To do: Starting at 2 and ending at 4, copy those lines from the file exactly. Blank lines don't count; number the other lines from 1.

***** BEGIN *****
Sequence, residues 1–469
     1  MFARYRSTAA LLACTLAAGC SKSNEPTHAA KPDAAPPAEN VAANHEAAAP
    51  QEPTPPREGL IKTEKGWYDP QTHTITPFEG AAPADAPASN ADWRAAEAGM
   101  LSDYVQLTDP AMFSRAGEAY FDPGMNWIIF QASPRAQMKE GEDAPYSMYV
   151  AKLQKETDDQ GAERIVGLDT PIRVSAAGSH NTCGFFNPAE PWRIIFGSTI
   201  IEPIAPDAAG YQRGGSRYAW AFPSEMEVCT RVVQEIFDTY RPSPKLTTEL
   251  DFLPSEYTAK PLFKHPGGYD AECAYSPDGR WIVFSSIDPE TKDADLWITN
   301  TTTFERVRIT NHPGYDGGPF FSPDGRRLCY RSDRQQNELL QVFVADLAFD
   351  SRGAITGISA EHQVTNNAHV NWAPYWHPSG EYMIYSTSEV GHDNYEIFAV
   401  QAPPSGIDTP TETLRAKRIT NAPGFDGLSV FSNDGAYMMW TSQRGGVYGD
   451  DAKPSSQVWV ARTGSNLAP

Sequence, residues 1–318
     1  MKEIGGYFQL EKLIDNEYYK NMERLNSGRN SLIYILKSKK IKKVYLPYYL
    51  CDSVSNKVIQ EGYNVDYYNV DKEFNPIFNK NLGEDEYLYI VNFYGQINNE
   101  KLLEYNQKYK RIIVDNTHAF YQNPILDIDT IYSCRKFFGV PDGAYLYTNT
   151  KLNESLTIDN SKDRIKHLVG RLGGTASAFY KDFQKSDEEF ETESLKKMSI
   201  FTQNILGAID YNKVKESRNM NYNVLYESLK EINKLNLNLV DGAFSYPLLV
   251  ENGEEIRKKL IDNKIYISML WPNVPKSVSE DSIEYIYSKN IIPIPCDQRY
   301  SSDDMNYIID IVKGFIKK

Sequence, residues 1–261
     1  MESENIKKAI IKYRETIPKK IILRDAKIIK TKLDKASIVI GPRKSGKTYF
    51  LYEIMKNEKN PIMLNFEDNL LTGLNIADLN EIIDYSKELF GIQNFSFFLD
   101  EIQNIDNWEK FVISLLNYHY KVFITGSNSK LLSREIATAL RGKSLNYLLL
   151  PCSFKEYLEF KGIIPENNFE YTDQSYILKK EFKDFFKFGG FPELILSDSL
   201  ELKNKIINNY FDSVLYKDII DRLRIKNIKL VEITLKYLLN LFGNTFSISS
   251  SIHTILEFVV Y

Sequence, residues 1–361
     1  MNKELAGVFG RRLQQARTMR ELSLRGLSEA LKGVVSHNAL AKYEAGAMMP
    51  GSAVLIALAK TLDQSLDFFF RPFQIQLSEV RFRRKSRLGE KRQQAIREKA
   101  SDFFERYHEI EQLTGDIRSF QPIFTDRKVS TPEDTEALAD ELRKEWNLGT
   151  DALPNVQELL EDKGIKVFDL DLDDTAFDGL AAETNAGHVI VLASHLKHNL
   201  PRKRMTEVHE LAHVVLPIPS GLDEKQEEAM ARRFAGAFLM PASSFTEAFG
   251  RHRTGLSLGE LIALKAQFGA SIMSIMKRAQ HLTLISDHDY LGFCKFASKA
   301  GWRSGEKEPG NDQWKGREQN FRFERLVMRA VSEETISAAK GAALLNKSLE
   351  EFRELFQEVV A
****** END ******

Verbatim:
     1  MFARYRSTAA LLACTLAAGC SKSNEPTHAA KPDAAPPAEN VAANHEAAAP
    51  QEPTPPREGL IKTEKGWYDP QTHTITPFEG AAPADAPASN ADWRAAEAGM
   101  LSDYVQLTDP AMFSRAGEAY FDPGMNWIIF QASPRAQMKE GEDAPYSMYV